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Austin City Council OKs $4.1 Billion Budget And Lowers Tax Rate, But You'll Likely Pay More Taxes

Gabriel C. Pérez

The Austin City Council approved a $4.1 billion budget for the upcoming fiscal year, with more money going toward homelessness outreach and an increase in the minimum wage for city employees.

Council members on Tuesday voted to lower the rate at which Austin taxes homeowners, dropping it from 44.48 cents to 44.03 cents per $100. But because property taxes are calculated on the value of a home and that number continues to rise for most people, the owner of a median-priced home will see a property tax increase of roughly $67.

The vote was 10-1, with Council Member Ellen Troxclair voting against it.

The tax rate is higher than the rate City Manager Spencer Cronk proposed last month. Council members raised the rate in order to pull in an additional $2 million to fund services.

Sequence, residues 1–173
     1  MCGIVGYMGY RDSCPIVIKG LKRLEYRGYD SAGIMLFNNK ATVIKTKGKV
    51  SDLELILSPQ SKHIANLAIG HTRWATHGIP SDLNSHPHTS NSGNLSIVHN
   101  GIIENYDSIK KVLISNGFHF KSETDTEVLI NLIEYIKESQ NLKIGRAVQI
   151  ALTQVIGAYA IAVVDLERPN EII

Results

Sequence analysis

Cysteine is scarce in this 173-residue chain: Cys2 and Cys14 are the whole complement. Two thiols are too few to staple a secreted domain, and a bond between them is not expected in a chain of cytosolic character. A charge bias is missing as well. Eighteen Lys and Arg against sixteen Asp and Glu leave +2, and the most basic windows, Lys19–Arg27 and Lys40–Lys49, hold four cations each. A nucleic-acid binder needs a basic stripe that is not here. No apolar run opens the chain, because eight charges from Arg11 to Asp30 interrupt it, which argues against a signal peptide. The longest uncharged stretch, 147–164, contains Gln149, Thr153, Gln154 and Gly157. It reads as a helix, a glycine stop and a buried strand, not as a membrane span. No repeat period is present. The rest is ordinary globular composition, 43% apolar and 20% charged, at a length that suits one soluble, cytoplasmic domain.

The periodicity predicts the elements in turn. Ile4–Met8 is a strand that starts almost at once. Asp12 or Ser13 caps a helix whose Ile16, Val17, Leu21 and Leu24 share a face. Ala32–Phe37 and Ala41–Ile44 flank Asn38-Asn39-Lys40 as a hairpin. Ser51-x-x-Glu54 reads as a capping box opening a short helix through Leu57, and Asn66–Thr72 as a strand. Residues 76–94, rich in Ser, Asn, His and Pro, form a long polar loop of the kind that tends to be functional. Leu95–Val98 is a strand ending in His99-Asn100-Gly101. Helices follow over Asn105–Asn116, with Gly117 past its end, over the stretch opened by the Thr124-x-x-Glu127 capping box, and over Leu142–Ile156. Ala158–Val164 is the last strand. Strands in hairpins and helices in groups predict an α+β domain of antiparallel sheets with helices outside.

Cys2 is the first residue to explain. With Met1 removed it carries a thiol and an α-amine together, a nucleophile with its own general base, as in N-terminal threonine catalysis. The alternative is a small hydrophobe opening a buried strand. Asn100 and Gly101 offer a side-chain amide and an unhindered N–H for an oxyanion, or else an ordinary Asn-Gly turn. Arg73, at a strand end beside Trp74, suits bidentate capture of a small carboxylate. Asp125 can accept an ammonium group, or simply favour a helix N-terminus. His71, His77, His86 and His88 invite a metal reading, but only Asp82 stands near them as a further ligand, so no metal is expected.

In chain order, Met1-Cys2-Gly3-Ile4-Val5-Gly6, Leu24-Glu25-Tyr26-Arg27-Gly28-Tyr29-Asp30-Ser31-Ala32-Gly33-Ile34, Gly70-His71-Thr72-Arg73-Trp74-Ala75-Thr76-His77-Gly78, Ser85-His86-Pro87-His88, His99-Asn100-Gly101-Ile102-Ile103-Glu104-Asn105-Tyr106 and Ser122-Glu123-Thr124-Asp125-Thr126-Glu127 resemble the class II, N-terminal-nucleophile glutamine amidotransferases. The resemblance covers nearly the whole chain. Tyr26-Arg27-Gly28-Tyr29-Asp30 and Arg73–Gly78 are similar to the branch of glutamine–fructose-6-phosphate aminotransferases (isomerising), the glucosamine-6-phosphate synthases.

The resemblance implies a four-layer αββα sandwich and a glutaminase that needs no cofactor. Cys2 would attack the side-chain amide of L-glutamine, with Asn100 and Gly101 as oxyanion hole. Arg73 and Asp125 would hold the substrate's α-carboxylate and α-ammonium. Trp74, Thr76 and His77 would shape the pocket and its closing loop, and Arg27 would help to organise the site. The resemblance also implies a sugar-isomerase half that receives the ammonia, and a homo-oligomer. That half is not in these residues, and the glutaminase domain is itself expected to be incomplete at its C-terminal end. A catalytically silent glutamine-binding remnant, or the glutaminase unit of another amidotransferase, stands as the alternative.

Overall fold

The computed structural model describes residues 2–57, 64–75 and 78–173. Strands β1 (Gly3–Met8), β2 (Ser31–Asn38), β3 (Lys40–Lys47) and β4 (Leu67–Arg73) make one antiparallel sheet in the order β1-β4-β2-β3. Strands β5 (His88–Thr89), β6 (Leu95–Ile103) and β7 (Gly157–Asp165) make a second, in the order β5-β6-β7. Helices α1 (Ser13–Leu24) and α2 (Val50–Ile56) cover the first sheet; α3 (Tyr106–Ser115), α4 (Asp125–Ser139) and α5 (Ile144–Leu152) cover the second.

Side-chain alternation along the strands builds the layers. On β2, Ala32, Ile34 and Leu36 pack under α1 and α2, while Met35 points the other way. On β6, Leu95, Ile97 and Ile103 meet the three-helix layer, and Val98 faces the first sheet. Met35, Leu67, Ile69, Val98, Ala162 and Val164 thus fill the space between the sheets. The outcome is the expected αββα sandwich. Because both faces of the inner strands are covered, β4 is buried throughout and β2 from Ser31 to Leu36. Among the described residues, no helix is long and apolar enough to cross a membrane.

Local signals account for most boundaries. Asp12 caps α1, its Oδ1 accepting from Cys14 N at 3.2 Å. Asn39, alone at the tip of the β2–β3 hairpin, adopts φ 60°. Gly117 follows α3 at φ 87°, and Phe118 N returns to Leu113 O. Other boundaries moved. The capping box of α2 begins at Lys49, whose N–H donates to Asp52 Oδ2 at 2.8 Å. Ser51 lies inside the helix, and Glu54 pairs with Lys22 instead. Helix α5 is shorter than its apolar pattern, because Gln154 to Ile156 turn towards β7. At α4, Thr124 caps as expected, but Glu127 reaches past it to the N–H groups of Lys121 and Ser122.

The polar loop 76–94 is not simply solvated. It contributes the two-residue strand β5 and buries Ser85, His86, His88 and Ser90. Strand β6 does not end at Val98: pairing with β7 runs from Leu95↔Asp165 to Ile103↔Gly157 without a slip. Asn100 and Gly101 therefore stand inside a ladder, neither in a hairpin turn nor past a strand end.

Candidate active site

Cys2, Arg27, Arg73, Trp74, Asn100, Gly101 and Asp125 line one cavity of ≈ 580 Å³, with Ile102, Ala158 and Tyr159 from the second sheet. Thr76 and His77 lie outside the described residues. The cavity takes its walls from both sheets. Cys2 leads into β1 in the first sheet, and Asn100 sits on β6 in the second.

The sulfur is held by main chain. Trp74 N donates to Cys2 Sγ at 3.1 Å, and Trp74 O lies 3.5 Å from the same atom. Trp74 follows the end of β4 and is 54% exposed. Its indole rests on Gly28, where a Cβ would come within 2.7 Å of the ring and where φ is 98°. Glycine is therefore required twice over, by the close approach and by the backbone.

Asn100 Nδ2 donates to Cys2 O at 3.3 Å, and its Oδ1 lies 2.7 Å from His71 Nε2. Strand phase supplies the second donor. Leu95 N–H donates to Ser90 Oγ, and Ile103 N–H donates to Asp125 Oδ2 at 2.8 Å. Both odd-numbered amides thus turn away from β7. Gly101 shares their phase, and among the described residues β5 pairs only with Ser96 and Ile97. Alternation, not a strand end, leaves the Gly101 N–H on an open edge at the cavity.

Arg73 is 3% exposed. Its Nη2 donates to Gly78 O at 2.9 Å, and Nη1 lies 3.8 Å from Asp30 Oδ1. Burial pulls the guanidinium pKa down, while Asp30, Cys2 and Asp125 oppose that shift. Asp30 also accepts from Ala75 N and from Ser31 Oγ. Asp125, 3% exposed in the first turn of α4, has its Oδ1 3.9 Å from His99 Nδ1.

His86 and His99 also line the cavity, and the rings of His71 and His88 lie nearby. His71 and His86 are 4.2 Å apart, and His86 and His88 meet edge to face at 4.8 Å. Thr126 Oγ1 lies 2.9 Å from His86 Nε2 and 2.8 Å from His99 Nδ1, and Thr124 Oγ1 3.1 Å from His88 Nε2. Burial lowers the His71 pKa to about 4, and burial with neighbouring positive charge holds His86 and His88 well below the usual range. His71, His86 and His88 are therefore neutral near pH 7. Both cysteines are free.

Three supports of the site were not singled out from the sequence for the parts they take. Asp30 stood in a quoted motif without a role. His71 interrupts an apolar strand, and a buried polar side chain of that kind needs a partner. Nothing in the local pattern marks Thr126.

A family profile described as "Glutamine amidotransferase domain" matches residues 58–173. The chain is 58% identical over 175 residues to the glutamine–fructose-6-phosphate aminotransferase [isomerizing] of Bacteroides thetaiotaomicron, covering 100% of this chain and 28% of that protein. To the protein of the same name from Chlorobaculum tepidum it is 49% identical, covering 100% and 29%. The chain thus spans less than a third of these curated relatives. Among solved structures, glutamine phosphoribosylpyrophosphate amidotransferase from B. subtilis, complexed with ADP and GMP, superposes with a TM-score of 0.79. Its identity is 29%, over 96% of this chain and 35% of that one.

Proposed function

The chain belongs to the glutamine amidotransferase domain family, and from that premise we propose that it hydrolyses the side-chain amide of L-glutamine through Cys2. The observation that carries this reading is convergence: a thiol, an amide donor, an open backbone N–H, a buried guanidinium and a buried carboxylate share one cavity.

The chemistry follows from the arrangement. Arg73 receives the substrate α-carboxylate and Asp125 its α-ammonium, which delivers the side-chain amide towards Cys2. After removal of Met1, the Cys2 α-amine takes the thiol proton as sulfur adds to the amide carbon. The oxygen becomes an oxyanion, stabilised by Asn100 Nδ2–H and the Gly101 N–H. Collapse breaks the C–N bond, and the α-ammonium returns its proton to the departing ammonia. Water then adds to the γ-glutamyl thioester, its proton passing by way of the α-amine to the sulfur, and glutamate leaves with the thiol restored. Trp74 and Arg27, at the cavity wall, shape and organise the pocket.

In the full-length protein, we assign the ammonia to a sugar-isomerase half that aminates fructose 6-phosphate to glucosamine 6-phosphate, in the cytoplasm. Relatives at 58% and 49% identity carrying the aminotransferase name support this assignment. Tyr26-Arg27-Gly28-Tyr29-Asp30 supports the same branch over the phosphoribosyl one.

Earlier in the day, council members debating putting this additional money into reserves. Last year, state lawmakers attempted to pass a law capping the percentage by which cities can increase their tax revenue year over year. Austin city staff and council members have discussed raising taxes to the maximum allowed to save up money should a similar law pass in the future.

That idea was eventually scrapped. Council voted to spend the money instead on programs such as parent support specialists in schools and workforce development. The minimum wage for city employees will increase to $15 an hour from $13.84.

Audrey McGlinchy is KUT's housing reporter. She focuses on affordable housing solutions, renters’ rights and the battles over zoning. Got a tip? Email her at Follow her on Twitter @AKMcGlinchy.
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